A former president and a former presidential hopeful dominate: Jacques Chirac and Dominique Strauss-Kahn. They are both mired in scandal. Chirac, at 78, will not be in court today on medical grounds for the start of his trial for alleged corruption. And Strauss-Kahn is back home in what a political rival calls the return of the "living dead". That's the focus for the French press review, Monday 5th September 2011.
Le Figaro leads on a photo of Jacques Chirac looking frail as he rests his hand on a security guard. It headlines : “La maladie de Jacques Chirac dénature son procès”. That has two meanings: one, his illness changes the nature of his trial and, two, it is nothing without him.
Chirac’s trial on allegations of corruption opens today with his lawyers arguing he is too unwell to attend. Plaintiffs say that’s a "manoeuvre": a trick, a manipulation.
Le Figaro says this is a painful time for Chirac’s wife, Bernadette, and his children. They have had to choose between letting him appear in court knowing his health is not up to it, and making the extent of his health difficulties public.
The paper says opposition Socialist politicians Ségolène Royal and François Hollande “understand his absence but believe the trial is legitimate”. An opposition Europe Ecology politician, meanwhile, tells Le Figaro: “The richer and more powerful you are, the more you can escape justice”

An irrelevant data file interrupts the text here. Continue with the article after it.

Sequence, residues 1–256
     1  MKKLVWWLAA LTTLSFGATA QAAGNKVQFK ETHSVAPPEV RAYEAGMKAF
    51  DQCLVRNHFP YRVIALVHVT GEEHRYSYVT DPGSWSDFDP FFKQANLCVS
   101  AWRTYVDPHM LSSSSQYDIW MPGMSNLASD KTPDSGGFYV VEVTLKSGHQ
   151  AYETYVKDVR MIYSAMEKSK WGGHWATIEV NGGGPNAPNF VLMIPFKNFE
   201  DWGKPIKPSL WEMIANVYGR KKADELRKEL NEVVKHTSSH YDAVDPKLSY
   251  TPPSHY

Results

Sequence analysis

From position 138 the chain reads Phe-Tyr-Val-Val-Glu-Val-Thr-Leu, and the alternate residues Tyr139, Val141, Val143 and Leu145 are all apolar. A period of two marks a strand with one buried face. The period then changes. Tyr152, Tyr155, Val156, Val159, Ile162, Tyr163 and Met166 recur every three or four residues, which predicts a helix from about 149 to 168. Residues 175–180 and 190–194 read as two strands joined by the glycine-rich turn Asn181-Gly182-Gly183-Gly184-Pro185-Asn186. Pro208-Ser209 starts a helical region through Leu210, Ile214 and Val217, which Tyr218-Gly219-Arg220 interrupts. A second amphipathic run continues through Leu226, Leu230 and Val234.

The free paper “20 minutes” is asking: “Is this a phoney trial?” That’s a reference to the case itself which concerns phoney jobs Chirac is alleged to have created during his time as Mayor of Paris in the 70s, 80s and 90s.
Another French politician with the “scandal” label, Dominique Strauss-Kahn, also features heavily. Le Parisien-Aujourd’hui-en-France headlines: “Strauss-Kahn’s strategy”. It says his return to Paris from New York on Sunday was carefully orchestrated and is part of scrupulous efforts by his team to resurrect his political career.
It quotes a member of President Nicolas Sarkozy’s team saying Strauss-Kahn’s reappearance in Paris is the return of the “living dead”, affirming that while Strauss-Kahn is dead politically, in personal terms, he could drag the Socialist Party down.
A cartoon in Le Parisien-Aujourd’hui-en-France shows Strauss-Kahn asking: “If I plead memory loss like Chirac could I possibly run as presidential candidate?”
One of France’s regional papers, Le Progrés, in Lyon, looks at both men saying that they belong to France’s past. It is urging a closer look at the problems France has today. And another paper, Le Courrier Picard in northern France, remarks: “between Jacques Chirac losing his memory and Dominique Strauss-Kahn who realises his memory will be called upon, France has two unrivalled talents in dealing with the justice system”.